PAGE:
Peres sends New Year greeting to Iranian people

"May you know the taste of freedom, the taste of respect and the taste of human dignity," president says in Farsi message.

March 19, 2012 14:38
2 minute read.
President Shimon Peres at Rabin memorial

President Shimon Peres at Rabin memorial 311. (photo credit: Avi Ohayon/GPO)


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After reiterating in many public forums that Israel has no quarrel with the Iranian people but is opposed to Iran’s extremist leadership, President Shimon Peres on Monday sent greetings for the Persian New Year to the population of Iran and its citizens living in exile.

The greetings were delivered via a recorded interview with veteran Farsi broadcaster Menashe Amir on Israel Radio’s Farsi program and on YouTube.

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The Iranian New Year, known as Naw Ruz, falls on Tuesday.

It is also the new year of the Bahai faith, which originated in Iran, but whose followers there now face constant persecution and human rights abuses.

The Bahai community in Israel, though headquartered in Haifa, always holds its new year celebrations in Jerusalem and will do so again Tuesday evening.

Peres began his message by saying: “Dear Iranian citizens in all the places in which you may find yourselves, Happy New Year. I wish the Iranian people a truly joyful festival not only in terms of the greetings that emanate from your mouths but also in terms of what is in your hearts. May you have a genuine rather than a feigned holiday and may you know the taste of freedom, the taste of respect and the taste of human dignity.”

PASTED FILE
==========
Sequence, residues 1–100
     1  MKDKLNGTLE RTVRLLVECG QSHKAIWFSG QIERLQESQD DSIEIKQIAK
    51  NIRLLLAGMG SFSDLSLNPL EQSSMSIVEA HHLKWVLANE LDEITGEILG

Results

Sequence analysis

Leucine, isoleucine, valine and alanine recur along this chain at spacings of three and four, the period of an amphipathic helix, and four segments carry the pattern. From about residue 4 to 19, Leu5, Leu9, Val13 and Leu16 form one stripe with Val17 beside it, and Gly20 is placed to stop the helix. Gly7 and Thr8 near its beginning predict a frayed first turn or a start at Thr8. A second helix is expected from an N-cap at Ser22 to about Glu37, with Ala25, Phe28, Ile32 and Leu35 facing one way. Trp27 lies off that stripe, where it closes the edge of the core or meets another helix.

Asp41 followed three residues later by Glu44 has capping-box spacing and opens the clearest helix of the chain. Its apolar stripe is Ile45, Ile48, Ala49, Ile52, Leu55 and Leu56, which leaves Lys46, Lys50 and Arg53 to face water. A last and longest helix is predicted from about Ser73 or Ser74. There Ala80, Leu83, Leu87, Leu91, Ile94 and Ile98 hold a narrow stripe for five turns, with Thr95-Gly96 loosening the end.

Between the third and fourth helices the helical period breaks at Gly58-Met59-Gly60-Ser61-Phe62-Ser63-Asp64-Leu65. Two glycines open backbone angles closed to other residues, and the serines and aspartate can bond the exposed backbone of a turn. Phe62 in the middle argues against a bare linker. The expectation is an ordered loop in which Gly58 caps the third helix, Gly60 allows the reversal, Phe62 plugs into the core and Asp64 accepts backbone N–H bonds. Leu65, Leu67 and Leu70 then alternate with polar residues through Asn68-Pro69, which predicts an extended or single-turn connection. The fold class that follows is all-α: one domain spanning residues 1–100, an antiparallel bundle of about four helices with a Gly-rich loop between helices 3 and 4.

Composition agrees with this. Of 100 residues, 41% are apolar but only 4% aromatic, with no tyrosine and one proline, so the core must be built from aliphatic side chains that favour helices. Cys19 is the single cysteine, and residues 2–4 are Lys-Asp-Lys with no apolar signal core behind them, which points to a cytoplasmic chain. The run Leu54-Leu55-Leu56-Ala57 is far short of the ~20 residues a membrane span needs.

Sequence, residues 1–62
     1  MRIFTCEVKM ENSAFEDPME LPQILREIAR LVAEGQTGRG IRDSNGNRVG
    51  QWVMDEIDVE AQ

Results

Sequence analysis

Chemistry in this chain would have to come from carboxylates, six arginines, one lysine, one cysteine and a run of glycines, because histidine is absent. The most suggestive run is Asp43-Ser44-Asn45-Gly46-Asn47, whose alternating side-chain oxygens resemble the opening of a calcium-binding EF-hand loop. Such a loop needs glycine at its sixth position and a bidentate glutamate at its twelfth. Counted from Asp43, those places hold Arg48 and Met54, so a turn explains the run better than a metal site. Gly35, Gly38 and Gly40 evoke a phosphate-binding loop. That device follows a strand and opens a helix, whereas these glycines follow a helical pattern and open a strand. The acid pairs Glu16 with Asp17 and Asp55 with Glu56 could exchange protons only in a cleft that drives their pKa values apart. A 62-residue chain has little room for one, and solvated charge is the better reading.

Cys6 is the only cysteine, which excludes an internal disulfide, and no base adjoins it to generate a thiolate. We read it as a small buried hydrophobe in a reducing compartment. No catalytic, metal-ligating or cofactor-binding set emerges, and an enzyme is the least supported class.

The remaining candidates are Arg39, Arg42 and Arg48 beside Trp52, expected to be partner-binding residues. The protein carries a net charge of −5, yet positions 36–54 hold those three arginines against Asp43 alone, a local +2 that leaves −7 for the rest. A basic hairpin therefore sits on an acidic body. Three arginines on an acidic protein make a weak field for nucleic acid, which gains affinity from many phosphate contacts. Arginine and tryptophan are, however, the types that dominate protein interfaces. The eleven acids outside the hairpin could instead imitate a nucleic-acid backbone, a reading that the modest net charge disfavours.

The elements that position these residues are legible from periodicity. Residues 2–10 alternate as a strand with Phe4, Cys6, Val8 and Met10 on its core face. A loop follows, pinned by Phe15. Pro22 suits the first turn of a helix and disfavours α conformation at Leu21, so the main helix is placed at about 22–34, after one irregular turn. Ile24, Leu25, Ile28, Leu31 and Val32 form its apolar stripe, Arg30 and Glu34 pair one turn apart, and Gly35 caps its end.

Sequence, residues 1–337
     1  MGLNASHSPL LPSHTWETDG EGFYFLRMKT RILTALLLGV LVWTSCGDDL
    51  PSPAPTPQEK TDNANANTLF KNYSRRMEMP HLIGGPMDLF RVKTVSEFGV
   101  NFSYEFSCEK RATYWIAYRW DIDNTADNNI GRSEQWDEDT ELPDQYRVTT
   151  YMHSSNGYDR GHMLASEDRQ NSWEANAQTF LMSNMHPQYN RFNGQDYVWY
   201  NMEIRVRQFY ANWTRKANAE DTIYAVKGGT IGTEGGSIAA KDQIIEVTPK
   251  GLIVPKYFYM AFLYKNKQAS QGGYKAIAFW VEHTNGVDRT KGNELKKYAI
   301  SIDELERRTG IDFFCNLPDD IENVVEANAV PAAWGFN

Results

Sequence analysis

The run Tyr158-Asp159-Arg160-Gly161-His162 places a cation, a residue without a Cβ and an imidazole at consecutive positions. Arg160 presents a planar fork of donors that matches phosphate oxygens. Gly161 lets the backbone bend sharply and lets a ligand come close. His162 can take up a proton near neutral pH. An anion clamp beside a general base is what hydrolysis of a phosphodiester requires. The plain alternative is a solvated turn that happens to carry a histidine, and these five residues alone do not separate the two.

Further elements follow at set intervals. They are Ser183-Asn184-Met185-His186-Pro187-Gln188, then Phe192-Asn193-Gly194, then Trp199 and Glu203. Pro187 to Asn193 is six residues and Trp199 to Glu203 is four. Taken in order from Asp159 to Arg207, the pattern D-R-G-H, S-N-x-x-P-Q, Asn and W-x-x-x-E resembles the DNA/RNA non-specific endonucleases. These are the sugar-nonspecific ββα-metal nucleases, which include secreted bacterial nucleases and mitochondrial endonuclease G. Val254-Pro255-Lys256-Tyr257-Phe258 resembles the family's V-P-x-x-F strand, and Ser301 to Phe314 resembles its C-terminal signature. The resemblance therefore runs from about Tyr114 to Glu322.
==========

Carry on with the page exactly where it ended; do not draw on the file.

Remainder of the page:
In the course of the interview, Peres addressed himself to the Iranian people, saying that it was still not too late to change the corrupt administration and to revive the glorious Persian tradition. The Iranian people are the heirs of a magnificent legacy of culture and values and not of bombs and rockets, he said.

It is inconceivable that a people with such a splendid history could allow an extreme group full of blind hatred and malice to bring so much shame on the country’s past, Peres said, questioning how the nation could allow the regime to instill so much terror and to deny people the freedom that is their right.

The president also referred to the younger generation, which is seeking to leave Iran’s dictatorship. Iran, which was once looked upon with favor by the world, today provokes great opposition, Peres said.

He attributed the unrest in Iran and in other parts of the region to the strong desire to escape the cycle of poverty. “Every child in the world, including Iran, when he gets up in the morning, is entitled to eat breakfast,” said Peres, who charged Tehran with investing all its money in nuclear capability while sentencing the population to poverty and starvation.

Peres told his listeners that if the Iranian people join forces to lift their voices in protest, the world will be behind them and will help them to recreate a genuinely Iranian Iran.

Towards the end of the interview, Peres recalled his visit to Iran in the days of the late Shah, at which time there were warm diplomatic relations between Iran and Israel.

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